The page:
Bulgarian embroidery ornaments developed with the development of Slavic and Proto-Bulgarian culture. With the unification of the two peoples, the intertwining of embroidery ornaments from both cultures gradually began to be observed. It was believed they protected the human body from spells and evil spirits. People believed that if someone cut off part of the embroidery of a garment, it gives way to evil spirits and makes a person more vulnerable. Bulgarian maidens were allowed to embroider only until their wedding. After that, they had the right to do so only when their daughters turned 12 and it was good to teach them. The girls began embroidering their chaise at the age of 12, and this was the highest art form created at home by anyone else. Some examples of shevitsi are:


The tree of life

One of the oldest ornaments. The crown represents the firmament (upper, celestial world) with its real and supernatural inhabitants - God, angels, saints, and birds. The trunk separates Heaven from Earth and corresponds to the middle, earthly, human world. The roots symbolize the underworld. It is the Axis of the world, the connection between the earth and the sky, it is a symbol of the Circle of Life - every spring, it leaves again, and when winter arrives, all the leaves fall off.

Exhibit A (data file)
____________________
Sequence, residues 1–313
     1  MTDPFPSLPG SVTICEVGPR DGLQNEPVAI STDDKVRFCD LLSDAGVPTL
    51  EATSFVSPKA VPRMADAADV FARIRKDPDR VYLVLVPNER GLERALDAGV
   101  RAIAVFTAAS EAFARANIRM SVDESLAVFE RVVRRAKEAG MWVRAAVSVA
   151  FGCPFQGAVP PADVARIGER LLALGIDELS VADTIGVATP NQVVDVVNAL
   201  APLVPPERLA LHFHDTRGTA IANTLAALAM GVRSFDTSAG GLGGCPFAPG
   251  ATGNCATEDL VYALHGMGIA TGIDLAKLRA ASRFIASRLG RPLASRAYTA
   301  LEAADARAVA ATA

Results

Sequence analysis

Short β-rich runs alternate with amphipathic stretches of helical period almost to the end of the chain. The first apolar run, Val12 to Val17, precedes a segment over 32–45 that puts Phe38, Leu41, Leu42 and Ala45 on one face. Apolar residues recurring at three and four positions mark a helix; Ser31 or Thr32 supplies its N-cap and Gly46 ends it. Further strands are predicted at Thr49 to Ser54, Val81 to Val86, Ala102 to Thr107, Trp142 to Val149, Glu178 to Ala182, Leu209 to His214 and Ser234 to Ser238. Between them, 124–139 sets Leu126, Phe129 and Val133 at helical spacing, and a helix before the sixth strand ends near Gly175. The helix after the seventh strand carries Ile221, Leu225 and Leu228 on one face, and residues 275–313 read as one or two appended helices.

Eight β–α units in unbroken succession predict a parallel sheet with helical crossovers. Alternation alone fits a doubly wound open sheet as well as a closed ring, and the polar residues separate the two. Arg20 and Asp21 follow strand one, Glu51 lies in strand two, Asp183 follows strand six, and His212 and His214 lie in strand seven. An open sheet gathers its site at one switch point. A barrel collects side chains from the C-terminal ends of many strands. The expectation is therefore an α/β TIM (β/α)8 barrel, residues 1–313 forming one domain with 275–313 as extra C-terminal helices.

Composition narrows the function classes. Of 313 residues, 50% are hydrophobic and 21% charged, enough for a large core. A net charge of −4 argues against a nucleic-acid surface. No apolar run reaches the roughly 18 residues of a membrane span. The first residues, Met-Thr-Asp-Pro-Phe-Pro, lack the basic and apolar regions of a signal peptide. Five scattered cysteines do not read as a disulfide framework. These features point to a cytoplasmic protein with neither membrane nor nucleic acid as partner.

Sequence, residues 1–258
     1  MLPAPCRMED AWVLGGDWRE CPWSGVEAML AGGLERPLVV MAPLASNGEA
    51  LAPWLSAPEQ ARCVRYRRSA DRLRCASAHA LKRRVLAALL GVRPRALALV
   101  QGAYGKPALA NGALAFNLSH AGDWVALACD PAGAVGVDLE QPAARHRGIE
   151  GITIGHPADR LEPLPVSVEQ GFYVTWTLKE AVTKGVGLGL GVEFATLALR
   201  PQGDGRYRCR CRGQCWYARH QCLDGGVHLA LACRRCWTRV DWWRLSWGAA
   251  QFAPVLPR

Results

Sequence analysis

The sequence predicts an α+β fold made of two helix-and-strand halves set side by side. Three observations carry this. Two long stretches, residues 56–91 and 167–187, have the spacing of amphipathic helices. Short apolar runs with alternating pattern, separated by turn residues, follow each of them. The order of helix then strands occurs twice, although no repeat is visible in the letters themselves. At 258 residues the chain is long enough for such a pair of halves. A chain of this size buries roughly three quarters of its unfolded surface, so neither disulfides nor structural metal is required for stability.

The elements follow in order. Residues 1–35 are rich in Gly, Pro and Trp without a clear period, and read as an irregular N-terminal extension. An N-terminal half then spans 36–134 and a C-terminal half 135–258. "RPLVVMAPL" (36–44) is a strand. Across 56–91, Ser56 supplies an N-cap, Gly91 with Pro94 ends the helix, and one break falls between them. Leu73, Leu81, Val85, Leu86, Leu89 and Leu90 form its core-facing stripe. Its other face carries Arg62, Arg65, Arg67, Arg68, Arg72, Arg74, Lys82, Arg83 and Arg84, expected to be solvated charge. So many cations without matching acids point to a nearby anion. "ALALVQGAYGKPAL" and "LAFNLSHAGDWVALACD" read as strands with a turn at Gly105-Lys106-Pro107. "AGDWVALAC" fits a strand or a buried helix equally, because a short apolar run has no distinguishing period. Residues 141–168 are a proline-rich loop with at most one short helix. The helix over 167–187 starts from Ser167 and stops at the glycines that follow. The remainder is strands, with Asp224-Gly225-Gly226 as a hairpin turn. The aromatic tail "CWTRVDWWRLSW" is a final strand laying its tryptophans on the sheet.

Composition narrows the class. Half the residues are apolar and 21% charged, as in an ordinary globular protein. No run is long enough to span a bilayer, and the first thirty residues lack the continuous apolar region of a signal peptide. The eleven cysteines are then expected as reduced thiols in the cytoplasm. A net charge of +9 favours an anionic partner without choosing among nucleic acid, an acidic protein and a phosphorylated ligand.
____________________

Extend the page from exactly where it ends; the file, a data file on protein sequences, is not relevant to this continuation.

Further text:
"Celestial turtle"

It represents three intertwined eights, forming an endless labyrinth and is one of the symbols of protection used by Bulgarians' ancestors. It embodies the idea of the interconnectedness of everything in the universe. It is believed that the Celestial Turtle, also called the Space Turtle, Pletenitsa, originated from the ancient Proto-Bulgarians and was a symbol of the god Tangra.

The cross

People believed that the cross protected them from diseases and all kinds of troubles. As the population gradually became Christianized, the cross took on a new meaning and started being perceived as a symbol of the Christian God.

The big scissors

These are two triangles that have merged their tops, forming a wedding sign. This figure contains the concept of the divine and earthly nature, of the masculine and feminine, of the pursuit of harmony and balance.

The Mother Goddess

The Mother Goddess was depicted as a pregnant woman giving birth, with the sun and the moon on either side of her. It was a symbol of fertility.

The swastika